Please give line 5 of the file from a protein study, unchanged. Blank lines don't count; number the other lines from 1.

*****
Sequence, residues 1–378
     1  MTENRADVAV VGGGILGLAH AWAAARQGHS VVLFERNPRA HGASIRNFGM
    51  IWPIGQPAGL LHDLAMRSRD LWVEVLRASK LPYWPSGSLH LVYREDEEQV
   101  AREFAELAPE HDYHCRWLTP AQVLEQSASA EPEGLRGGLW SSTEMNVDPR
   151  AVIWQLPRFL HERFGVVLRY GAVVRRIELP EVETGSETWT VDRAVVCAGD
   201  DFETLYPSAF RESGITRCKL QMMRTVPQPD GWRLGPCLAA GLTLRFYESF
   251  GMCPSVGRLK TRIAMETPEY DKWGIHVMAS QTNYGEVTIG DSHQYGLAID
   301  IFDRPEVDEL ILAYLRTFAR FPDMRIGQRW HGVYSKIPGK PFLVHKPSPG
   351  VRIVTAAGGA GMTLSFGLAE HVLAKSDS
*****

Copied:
   151  AVIWQLPRFL HERFGVVLRY GAVVRRIELP EVETGSETWT VDRAVVCAGD